Police in Miami say at least four people were killed when a pedestrian bridge collapsed Thursday afternoon, crashing down on vehicles driving along the Tamiami Trail highway and leaving some victims trapped for hours.
Of the people killed, one was a student at Florida International University, The Miami Herald reports. Nine people have been rescued from the rubble, with two of them rushed to the hospital for surgery; others suffered broken bones, scrapes, and bruises. Crews are still searching for more survivors.
The pedestrian bridge was installed to make it safer for Florida International University students to cross the busy, eight-lane Tamiami Trail. On Saturday, a 175-foot span of the bridge went up, but it wasn't scheduled to open to pedestrians until 2019. Several witnesses said when the bridge collapsed, they saw two workers on it. Two of the construction firms involved with building the bridge have been previously accused of unsafe practices, the Miami New Times reports. Catherine Garcia
Track Palin, the son of former vice presidential candidate Sarah Palin, was arrested Saturday after a family dispute turned violent, the Anchorage Daily News reports.
Track's father, Todd Palin, told police that the incident occurred after he told his son that he could not retrieve a pickup truck from their home because "he had been drinking and was on pain medication." Per a police report filed after the incident, an intoxicated Track arrived at the home anyway and assaulted Todd, beating him so violently that he "had blood from several cuts on his head and had liquid coming out of his ear."
Upon arriving at the home, police attempted to engage with 28-year-old Track, but that approach failed after he called the officers "peasants" and demanded they surrender their guns, the police report says. Sarah Palin was the one to contact police and authorities found her "visibly upset" at the scene, per the report.
Track eventually surrendered to police and admitted to the officers that "he had consumed a few beers earlier," the report says. Track additionally told police that when he arrived at his parents' home, "Todd had a gun in his hand. ... When the door did not open, [Track] looked through the window next to the door and saw Todd pointing a gun at him."
Track was arrested and charged with assault and burglary. Last year, he was also arrested on domestic violence charges after he reportedly punched a woman in the face. Read the full police report here. Kelly O'Meara Morales
Devastating wildfires are raging across Northern California, consuming nearly 170,000 acres and at least 3,500 structures. Twenty-two separate blazes have combined to scorch the region, resulting in 23 deaths so far.
This startling satellite image shared by former Canadian astronaut Chris Hadfield shows just how massive the wildfires' reach has been:
California, burning. pic.twitter.com/peVm9KkrzK
— Chris Hadfield (@Cmdr_Hadfield) October 11, 2017
The Tubbs Fire, which has consumed over 30,000 acres and caused the most deaths, was only 10 percent contained as of Thursday morning. The Atlas Fire was just 3 percent contained after already having burned more than 40,000 acres. Several wineries in the region have burned to the ground. California Gov. Jerry Brown (D) has declared a state of emergency in eight counties as firefighters strain to contain the blazes. Kimberly Alters
U.S. Army recruiters have backed out of contracts with hundreds of foreign-born recruits, meaning enlistees who have waited years to join a program that would fast-track citizenship now face deportation.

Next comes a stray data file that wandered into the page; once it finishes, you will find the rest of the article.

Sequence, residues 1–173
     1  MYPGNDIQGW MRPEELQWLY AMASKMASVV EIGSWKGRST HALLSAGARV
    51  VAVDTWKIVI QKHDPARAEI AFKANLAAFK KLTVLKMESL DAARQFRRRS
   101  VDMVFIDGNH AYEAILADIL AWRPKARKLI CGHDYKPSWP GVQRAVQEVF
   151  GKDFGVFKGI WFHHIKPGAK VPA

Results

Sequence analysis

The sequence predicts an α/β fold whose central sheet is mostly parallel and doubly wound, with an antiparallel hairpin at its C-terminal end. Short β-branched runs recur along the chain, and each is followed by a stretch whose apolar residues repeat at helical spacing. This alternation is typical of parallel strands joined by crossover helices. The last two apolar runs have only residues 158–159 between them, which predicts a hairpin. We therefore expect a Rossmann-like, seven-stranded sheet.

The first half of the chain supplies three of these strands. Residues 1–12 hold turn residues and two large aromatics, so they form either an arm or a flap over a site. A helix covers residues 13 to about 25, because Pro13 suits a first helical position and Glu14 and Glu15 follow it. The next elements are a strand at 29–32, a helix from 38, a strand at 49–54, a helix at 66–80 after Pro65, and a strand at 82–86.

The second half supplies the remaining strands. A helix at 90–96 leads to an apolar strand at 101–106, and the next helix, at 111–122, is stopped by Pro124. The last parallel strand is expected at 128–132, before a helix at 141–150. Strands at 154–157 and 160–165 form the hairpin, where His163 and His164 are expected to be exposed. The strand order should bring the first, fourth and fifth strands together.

A retired Army recruiter told The Washington Post that recruiters were given until Sept. 14 to drop contracts with foreign-born enlistees without penalties. In recent years, the process for recruiting foreign-born enlistees has become burdened with increased security measures, making enlistment a labor-intensive process for recruiters. This past week, with the deadline looming, recruiters were forced to choose between hitting their recruitment goals or continuing the contract process for immigrant enlistees.
The immigration recruitment program, designed to attract highly skilled immigrants to the armed services in exchange for an expedited citizenship process, has been under close scrutiny by the Pentagon in recent months. A memo last summer that revealed that over 1,000 recruits have waited so long for their status to be approved that they are now in a deportation limbo prompted Congress to speak up about the issue, pressuring President Trump or Defense Secretary James Mattis to take action. Elianna Spitzer
Nearly a dozen immigrants being smuggled into the United States died Sunday after being transported from Laredo, Texas, to San Antonio in a tractor-trailer without any air conditioning, and survivors are recounting the extreme heat and cries for help that went unanswered by the driver.
Adan Lalravega, 27, told The Associated Press the trailer was crowded with people, and as the trip dragged on, the temperature kept getting higher and higher. Adults and children were crying and begging for water, and Lalravega said he lost consciousness before arriving in San Antonio. Other survivors told authorities there was one hole in the wall of the trailer, and people were taking turns breathing out of it. They also pounded on the sides of the trailer, yelling at the driver to stop, but he didn't.
Relief came when the driver, James Matthew Bradley, stopped the truck at a Walmart in San Antonio at around midnight. Bradley told authorities he was driving the truck from Iowa to Brownsville, Texas, on behalf of his boss, who had sold it. Bradley said he heard banging and shaking in the trailer, court records show, but he had no idea there was anyone back there, and was surprised when people came jumping out. He also said he knew the refrigeration system wasn't working, and ventilation holes were likely clogged. Bradley, who appeared in federal court Monday on charges of illegally transporting immigrants for financial gain resulting in death, could face the death penalty.